We read in the Washington Times today about Blockbuster Videos facing bankruptcy -- not so much because of poor financial management, but because the market has dramatically changed with technology. When reading about Blockbuster's plight, two things come to mind -- 1. the appreciable brilliance of Waste Management ga-zillionaire Wayne Huizinga to sell the lucrative Blockbuster franchise years ago, before the DVD home rental market tanked, and 2. the panic media moguls must be experiencing as they so desperately scratch and claw to maintain control of the press with online news sources being the wave of the future.
Washington Times reports on Blockbuster's fall. Compare to what we could soon be reading about the New York Times, the Chicago Tribune and the Chicago Sun Times:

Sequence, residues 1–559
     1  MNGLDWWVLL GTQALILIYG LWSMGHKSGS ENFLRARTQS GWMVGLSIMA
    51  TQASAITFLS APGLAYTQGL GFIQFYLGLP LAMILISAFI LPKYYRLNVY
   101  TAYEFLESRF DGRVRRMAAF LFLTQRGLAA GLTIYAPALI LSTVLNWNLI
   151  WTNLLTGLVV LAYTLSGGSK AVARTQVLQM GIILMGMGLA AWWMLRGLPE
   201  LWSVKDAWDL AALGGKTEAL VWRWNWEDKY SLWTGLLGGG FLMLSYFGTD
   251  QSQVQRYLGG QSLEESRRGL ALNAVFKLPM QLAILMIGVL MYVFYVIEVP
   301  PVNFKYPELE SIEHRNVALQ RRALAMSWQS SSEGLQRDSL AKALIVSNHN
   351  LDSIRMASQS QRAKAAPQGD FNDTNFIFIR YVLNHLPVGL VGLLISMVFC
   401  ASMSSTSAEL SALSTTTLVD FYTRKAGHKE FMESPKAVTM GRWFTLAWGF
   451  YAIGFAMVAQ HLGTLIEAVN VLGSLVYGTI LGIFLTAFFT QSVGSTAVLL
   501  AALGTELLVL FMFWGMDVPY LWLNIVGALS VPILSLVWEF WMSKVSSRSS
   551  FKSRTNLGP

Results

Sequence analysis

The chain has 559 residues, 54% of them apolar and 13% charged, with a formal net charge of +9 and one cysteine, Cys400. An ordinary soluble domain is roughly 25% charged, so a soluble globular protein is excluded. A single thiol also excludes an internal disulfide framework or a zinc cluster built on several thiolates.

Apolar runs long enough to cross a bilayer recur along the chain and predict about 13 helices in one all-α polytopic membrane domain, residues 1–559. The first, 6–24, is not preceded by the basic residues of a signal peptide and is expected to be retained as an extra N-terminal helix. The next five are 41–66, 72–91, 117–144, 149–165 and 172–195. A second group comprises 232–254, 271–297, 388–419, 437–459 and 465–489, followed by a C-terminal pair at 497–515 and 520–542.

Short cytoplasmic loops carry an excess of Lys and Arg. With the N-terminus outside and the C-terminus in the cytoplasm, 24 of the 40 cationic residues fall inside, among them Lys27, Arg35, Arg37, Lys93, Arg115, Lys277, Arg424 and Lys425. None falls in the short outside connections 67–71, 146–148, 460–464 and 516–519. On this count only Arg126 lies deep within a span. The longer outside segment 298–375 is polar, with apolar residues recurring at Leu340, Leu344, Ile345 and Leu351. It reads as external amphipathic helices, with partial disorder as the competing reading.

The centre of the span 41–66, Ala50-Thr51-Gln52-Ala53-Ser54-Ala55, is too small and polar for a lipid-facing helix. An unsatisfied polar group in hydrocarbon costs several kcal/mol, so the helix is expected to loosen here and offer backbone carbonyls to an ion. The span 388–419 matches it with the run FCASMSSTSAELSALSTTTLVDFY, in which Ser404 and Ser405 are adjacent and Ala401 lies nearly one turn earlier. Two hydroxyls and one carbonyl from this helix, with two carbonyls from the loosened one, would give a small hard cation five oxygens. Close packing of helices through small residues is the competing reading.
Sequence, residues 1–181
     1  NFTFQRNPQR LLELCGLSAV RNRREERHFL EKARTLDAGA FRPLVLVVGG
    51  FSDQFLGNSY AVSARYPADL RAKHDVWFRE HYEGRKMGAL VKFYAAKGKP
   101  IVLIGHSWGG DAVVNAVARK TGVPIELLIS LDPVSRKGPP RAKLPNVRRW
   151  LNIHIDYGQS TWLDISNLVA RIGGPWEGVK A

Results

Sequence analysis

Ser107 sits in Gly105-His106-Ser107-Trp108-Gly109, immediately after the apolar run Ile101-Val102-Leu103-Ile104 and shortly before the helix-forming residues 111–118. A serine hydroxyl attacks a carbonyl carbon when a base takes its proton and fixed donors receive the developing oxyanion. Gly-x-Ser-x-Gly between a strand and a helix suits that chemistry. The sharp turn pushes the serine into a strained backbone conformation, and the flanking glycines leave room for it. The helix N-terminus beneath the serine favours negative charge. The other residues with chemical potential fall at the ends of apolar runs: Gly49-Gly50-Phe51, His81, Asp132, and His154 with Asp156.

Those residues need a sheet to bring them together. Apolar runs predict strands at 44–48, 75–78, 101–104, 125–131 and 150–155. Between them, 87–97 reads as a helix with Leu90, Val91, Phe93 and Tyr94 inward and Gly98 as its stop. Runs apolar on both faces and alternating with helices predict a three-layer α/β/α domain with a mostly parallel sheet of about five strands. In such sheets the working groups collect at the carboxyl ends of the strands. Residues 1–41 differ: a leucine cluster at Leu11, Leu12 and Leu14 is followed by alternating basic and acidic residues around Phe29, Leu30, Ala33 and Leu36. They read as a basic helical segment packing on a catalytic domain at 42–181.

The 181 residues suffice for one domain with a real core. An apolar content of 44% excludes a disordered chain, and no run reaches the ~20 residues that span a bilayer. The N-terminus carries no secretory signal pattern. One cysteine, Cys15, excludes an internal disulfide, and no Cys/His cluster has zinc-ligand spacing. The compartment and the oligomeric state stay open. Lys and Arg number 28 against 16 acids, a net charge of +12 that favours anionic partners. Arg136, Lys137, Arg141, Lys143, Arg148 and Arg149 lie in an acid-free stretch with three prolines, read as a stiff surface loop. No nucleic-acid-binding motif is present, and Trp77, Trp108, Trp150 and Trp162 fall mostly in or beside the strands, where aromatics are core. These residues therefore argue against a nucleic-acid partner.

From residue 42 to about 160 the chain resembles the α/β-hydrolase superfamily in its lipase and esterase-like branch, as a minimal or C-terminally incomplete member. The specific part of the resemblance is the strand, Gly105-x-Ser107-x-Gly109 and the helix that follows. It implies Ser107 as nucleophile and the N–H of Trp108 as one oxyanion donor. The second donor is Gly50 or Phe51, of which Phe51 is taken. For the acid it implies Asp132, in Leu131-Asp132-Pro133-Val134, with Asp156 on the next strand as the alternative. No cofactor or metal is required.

Blame the new shape of the home-movie market. Film and video writers say the concept of a chain of video-rental stores has become an obsolete business model because of how technology has transformed the home-movie experience and will continue doing so.
"I think it's all going to be handled online," said critic Noel Murray, a contributing writer for the Onion AV Club.
The story continues ...
Although he noted the success of DVD rental kiosks such as Redbox, Mr. Murray thinks the days of obtaining a physical disc when renting movies will end soon, replaced by movies streamed or downloaded directly to computers or television. He cited boxes such as the Tivo Premiere, a not-yet-released DVR system with a Netflix connection that gives access to movies with the touch of a remote as opposed to a drive to the video store.
Mr. Murray said he could not see any way for brick-and-mortar video stores to stay in business in the future, with the only exception being very small, independent shops carrying lesser-known, hard-to-find films.
Blockbuster today, The Tribune Company tomorrow ...